It was among those Anglo-Saxon
tribes that once ruled over Britain that the name Reynhurde was formed. The name was derived from the baptismal name Rainer,
which was taken from the Old Germanic name Raginhari
which means counsel
Baptismal names began to appear as surnames relatively late in the growth of the naming tradition. This is a little surprising, given the popularity of biblical figures in the Christian countries of Europe. Nevertheless, surnames derived from baptismal names grew in popularity during the Middle Ages, and have become one of the foremost sources for surnames.
Early Origins of the Reynhurde family
The surname Reynhurde was first found in Devon
where they held a family seat
from early times and their first records appeared on the census rolls taken by the ancient Kings of Britain to determine the rate of taxation of their subjects. There is also an entry in the Domesday Book
1086)) listing a Rogerus filius
Rainardi, Rainart in Norfolk.
Early History of the Reynhurde family
This web page shows only a small excerpt of our Reynhurde research.Another 157 words (11 lines of text) covering the years 1589, 1661 and 1649 are included under the topic Early Reynhurde History in all our PDF Extended History products and printed products wherever possible.
Reynhurde Spelling Variations
Until the dictionary, an invention of only the last few hundred
years, the English language lacked any comprehensive system of spelling rules. Consequently, spelling variations
in names are frequently found in early Anglo-Saxon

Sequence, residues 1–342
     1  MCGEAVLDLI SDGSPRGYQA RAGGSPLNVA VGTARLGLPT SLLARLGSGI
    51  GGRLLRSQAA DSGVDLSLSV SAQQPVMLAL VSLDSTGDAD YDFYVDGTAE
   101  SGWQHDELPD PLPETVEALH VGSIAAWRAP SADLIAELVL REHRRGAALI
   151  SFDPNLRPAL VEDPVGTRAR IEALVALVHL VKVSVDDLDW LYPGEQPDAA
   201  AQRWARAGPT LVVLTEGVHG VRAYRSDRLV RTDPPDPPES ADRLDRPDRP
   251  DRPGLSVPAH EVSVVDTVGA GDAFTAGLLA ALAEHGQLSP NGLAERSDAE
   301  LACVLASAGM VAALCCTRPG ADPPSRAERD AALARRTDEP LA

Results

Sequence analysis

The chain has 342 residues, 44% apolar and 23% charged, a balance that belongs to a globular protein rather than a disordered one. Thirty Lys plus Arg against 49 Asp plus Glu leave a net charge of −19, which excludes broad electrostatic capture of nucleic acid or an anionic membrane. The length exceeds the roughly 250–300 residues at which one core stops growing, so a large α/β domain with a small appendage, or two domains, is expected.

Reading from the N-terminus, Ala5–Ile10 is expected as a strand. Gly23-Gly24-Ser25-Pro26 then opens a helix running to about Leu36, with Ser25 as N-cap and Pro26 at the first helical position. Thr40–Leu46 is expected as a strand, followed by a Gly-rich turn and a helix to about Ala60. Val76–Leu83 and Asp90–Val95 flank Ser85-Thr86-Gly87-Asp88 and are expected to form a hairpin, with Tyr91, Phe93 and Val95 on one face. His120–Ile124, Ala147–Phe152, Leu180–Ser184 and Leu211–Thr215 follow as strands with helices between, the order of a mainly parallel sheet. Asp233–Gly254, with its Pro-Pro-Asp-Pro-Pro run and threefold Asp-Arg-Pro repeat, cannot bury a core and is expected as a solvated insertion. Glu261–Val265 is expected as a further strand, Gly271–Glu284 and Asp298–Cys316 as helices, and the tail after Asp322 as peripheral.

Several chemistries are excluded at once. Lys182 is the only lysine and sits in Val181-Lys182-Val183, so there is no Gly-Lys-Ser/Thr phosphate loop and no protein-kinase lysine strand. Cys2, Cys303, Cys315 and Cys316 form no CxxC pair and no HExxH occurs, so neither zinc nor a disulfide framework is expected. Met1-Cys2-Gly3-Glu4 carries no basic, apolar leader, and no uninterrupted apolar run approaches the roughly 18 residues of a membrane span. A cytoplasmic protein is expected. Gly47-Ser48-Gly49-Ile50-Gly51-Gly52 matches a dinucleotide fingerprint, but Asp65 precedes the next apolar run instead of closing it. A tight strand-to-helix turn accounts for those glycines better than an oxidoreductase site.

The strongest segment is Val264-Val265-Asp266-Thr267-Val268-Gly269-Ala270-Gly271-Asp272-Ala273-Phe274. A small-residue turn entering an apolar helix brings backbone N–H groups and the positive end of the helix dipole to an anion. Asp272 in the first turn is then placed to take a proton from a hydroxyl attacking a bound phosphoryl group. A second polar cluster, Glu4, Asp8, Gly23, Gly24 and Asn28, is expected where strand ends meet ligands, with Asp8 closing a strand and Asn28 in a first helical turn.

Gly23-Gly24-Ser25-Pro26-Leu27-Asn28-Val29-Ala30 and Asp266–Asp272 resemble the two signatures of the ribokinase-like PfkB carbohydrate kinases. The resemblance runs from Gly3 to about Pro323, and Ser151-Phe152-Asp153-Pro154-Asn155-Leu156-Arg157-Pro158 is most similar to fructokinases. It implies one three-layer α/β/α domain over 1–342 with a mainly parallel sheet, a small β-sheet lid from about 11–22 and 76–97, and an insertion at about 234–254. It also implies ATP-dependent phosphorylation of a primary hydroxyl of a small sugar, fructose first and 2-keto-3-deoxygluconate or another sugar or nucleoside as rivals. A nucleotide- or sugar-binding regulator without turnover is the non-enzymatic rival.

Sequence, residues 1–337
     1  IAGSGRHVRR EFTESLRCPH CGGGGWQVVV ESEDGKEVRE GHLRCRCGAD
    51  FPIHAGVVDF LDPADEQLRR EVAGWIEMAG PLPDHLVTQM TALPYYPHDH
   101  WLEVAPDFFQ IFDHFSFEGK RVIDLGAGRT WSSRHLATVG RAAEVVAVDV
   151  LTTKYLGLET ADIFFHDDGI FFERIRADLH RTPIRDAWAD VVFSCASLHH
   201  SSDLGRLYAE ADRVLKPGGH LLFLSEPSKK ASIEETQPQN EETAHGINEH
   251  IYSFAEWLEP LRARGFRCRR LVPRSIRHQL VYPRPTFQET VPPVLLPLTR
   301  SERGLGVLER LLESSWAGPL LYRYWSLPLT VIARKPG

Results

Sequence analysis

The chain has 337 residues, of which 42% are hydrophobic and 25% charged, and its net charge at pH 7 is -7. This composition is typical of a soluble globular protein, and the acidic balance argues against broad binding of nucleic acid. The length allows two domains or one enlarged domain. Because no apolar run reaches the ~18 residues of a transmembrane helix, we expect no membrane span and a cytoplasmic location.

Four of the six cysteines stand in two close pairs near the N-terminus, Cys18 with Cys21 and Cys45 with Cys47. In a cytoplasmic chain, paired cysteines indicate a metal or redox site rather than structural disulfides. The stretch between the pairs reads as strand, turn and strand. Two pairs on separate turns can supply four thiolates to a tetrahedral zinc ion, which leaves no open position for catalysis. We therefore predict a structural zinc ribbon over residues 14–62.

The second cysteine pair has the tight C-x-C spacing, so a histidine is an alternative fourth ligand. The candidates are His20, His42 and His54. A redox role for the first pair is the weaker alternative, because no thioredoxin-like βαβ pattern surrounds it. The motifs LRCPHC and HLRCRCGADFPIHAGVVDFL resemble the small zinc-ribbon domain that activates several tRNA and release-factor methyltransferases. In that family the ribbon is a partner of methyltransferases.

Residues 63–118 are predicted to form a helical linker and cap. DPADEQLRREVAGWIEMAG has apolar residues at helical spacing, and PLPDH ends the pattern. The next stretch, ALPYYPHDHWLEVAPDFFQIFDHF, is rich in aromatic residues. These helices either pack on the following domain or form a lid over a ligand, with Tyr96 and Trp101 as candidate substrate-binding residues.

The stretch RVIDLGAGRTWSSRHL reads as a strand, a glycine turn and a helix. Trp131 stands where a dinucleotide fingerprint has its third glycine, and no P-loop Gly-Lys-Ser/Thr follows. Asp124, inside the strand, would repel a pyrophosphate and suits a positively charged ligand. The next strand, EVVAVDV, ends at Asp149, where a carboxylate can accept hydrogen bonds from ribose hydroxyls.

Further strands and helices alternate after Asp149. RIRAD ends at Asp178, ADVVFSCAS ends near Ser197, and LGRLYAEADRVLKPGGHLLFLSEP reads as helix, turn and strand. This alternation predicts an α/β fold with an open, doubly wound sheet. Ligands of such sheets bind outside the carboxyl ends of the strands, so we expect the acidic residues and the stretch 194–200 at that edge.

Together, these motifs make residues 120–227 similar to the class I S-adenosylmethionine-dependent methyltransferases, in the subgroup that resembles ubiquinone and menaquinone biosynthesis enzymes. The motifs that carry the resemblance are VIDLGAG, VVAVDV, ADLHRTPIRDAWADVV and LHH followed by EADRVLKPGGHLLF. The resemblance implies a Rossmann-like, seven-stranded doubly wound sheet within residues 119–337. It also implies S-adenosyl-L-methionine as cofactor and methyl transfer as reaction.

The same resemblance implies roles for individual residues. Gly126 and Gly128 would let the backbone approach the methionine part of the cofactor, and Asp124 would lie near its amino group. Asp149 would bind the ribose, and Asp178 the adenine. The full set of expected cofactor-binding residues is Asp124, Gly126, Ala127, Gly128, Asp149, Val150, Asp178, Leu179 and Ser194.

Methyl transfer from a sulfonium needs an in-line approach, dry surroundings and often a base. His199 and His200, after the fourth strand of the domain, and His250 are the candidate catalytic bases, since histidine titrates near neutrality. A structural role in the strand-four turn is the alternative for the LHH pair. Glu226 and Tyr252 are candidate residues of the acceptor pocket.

and later Anglo-Norman documents. One person's name was often spelled several different ways over a lifetime. The recorded variations of Reynhurde include Reynard, Reynardson, Renhard, Renyard, Reinard and many more.
Early Notables of the Reynhurde family (pre 1700)
Another 19 words (1 lines of text) are included under the topic Early Reynhurde Notables in all our PDF Extended History products and printed products wherever possible.
Migration of the Reynhurde family to the New World and Oceana
Thousands of English families boarded ships sailing to the New World in the hope of escaping the unrest found in England
at this time. Although the search for opportunity and freedom from persecution abroad took the lives of many because of the cramped conditions and unsanitary nature of the vessels, the opportunity perceived in the growing colonies of North America beckoned. Many of the settlers who survived the journey went on to make important contributions to the transplanted cultures of their adopted countries. The Reynhurde were among these contributors, for they have been located in early North American records: Johnis Rynard, who was on record in New York in 1687; Joan Reynard, who came to America from Ireland
in 1740; Caspar Reynard, who arrived in Nova Scotia in 1751.